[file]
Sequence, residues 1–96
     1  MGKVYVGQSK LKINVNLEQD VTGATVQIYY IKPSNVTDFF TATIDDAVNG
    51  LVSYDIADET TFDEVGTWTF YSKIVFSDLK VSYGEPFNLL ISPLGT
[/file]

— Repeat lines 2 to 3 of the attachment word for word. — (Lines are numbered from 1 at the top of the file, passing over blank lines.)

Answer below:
     1  MGKVYVGQSK LKINVNLEQD VTGATVQIYY IKPSNVTDFF TATIDDAVNG
    51  LVSYDIADET TFDEVGTWTF YSKIVFSDLK VSYGEPFNLL ISPLGT